Look Who’s Turning 65
June 3—Jill Biden
The wife of Vice President Joe Biden, Jill Biden has been a professor of English at Northern Virginia Community College since 2009. She is thought to be the first second lady to hold a paying job while her husband is vice president. She married Joe Biden in 1977 and became stepmother to his two young sons, Beau and Hunter, whose mother (Joe’s first wife) and baby sister died in a car accident. Joe and Jill Biden have a daughter, Ashley, born in 1981.
After receiving a doctoral degree from the University of Delaware, Biden taught English and reading in high schools for 13 years, and also taught adolescents with emotional disabilities at a psychiatric hospital. From 1993 to 2008, she was an English and writing instructor at Delaware Technical & Community College. Biden is founder and president of the Biden Breast Health Initiative, a nonprofit organization begun in 1993 that provides educational breast-health awareness programs free of charge to schools and other groups in Delaware. In 2007, she helped found Book Buddies, which provides books for low-income children. Biden has been active in Delaware Boots on the Ground, an organization that supports military families.
June 5—Susan "Suze" Orman
The author, financial adviser, motivational speaker and television host became interested in financial matters when she lost her first investment through a representative at Merrill Lynch. Suze Orman then went on to train as an account executive for Merrill Lynch, after which she successfully sued the investment firm for her loss of $50,000. In 1983, she became the vice president of investments at Prudential Bache Securities and left in 1987 to start the Suze Orman Financial Group. Between 1997 and 1999, Orman published three books: The 9 Steps to Financial Freedom (1997), You Earned it Don't Lose it (1999) and The Courage to be Rich (1999). Other books by Orman include The Road to Wealth (2001) and The Laws of Money, the Lessons of Life (2003).
In 2002, The Suze Orman Show began airing on CNBC and ended in March 2015. In January 2012, Orman's 6-episode TV series America's Money Class with Suze Orman premiered on OWN: Oprah Winfrey Network. She writes a financial advice column for O The Oprah Magazine and has contributed to other publications, including The Philadelphia Inquirer and Your Business at Home Magazine. She is developing a new series, Suze Orman's Money Wars, for Warner Bros. Telepictures Productions.
June 13—Richard Thomas
The actor is best known for his leading role as budding author John-Boy Walton in the popular 1970s CBS drama The Waltons, where he won one Emmy Award and received nominations for another Emmy Award and two Golden Globe Awards. The son of ballet dancers, Richard Thomas got his start at age 7 when he made his Broadway debut in Sunrise at Campobello (1958) playing John Roosevelt, son of future U.S. President Franklin Delano Roosevelt. His television career started in 1959, in a presentation of Ibsen’s A Doll’s House. He then began acting in daytime TV, appearing in soap operas such as The Edge of Night and As the World Turns. Thomas received his first major film roles, appearing in Winning (1969) with Paul Newman and Last Summer (1969). In 1971, he starred in the Universal Pictures Hal Wallis Production Red Sky at Morning, which was a financial failure.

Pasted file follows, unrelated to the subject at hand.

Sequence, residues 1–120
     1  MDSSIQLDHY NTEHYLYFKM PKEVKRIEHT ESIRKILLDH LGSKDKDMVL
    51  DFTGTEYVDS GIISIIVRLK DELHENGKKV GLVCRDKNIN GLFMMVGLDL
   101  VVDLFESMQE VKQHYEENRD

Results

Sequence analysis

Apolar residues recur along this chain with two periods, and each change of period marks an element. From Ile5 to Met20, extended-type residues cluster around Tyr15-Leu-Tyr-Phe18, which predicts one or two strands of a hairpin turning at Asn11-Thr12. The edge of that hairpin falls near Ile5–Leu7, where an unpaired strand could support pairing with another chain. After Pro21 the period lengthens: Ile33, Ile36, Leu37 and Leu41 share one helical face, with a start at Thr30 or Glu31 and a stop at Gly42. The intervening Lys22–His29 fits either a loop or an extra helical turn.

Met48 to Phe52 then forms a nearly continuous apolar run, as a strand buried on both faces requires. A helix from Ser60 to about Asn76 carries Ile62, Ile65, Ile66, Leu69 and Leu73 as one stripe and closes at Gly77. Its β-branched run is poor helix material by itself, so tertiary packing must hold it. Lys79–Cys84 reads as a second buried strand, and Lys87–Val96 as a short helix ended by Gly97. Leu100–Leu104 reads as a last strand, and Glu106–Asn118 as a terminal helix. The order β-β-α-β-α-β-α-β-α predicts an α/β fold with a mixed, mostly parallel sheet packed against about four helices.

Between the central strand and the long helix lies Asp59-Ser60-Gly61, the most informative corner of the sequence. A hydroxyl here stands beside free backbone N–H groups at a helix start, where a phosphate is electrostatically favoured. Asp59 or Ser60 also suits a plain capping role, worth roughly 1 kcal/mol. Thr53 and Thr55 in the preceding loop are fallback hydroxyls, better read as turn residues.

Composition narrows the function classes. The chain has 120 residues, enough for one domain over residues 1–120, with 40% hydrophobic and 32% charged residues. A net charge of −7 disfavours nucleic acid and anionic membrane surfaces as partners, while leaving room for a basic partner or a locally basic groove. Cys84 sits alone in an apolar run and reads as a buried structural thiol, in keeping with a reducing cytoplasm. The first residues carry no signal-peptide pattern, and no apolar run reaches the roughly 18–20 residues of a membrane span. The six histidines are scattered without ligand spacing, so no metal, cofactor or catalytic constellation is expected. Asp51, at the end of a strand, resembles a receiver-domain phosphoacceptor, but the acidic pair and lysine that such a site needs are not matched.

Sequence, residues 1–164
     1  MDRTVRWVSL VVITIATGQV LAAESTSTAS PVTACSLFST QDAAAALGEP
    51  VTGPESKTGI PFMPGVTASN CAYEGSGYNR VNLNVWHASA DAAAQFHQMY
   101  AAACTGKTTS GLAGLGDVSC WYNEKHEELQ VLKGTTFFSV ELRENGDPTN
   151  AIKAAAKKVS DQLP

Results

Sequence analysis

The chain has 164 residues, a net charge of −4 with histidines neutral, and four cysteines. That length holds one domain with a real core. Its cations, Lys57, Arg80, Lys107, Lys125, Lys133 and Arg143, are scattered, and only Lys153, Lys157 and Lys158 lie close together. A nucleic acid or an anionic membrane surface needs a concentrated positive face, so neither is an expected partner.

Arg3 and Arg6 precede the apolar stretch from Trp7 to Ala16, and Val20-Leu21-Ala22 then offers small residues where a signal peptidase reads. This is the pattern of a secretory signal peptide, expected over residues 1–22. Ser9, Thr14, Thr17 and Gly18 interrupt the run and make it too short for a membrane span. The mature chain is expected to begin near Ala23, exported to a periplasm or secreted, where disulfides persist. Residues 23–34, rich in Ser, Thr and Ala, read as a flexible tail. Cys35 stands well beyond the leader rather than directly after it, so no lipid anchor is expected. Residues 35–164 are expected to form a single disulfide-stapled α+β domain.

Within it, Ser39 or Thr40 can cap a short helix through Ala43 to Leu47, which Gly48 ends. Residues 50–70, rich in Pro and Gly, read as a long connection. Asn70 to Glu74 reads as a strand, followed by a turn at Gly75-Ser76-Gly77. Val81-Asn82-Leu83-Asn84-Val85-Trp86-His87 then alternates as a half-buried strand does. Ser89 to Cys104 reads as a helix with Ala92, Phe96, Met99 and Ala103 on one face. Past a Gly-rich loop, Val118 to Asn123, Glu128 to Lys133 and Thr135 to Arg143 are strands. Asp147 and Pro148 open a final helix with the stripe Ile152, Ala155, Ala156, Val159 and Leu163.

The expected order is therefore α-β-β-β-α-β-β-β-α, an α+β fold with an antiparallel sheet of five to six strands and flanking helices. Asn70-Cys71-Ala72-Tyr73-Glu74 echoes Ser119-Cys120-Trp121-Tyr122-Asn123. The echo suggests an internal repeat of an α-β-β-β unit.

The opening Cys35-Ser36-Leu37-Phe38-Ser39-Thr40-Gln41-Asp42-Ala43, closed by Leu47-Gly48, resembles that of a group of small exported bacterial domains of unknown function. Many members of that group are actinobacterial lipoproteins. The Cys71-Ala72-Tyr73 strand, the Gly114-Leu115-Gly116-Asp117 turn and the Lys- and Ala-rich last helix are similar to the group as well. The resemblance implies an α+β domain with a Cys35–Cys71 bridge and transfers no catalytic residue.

In The Waltons, Thomas played the role of John-Boy continuously until March 17, 1977 and returned to the role in three Waltons TV movies, from 1993 to 1997. In 1972, he played against type as a murderer and rapist in You’ll Like My Mother opposite Patty Duke. He played the lead roles in the 1974 TV movie The Red Badge of Courage and in the 1979 TV movie All Quiet on the Western Front. In 1980, Thomas made his first Broadway appearance in more than 12 years in Lanford Wilson’s Fifth of July and starred or appeared in several plays after that, including the title role in a stage production of Richard II. In 1990, he played the adult version of main character Bill in the TV adaptation of Stephen King's novel It. Thomas has provided voiceovers in Mercedes-Benz, BB&T and Aleve commercials. He has a supporting role in the FX Network Cold War drama The Americans, as an FBI counterintelligence supervisor.
June 16—Roberto Durán Samaniego
The Panamanian former professional boxer is widely regarded as one of the greatest boxers of all time. A versatile brawler in the ring, Roberto Durán was nicknamed "Manos de Piedra" ("hands of stone") during his career. He began sparring with experienced boxers when he was only 8 years old and made his professional debut in 1968 at the age of 16. In 2002, Durán was voted by The Ring magazine as the fifth greatest fighter of the last 80 years, while boxing historian Bert Sugar rated him as the eighth greatest fighter of all time. The Associated Press voted him as the No. 1 lightweight of the 20th century. Durán held world titles in four different weight classes: lightweight (1972–79), welterweight (1980), light middleweight (1983–84) and middleweight (1989). He was the second boxer to have fought over a span of five decades. He is most infamous for abruptly forfeiting his welterweight title in the middle of his 1980 rematch with challenger Sugar Ray Leonard.
Durán retired in January 2002 at age 50 (having previously retired in 1998) following a bad car crash in October 2001, with a professional record of 120 fights and 104 wins with 69 knockouts. In 2006, Durán was inducted into the World Boxing Hall of Fame in Riverside, Calif., and, in 2007, into the International Boxing Hall of Fame in Canastota, N.Y. Today, he is the brand ambassador for Panama Blue, Panama’s premium bottled water. Durán is also a licensed ultralight aircraft pilot in Panama.
FAMOUS & 65 is a featured article in the June 2016 Senior Spirit newsletter.
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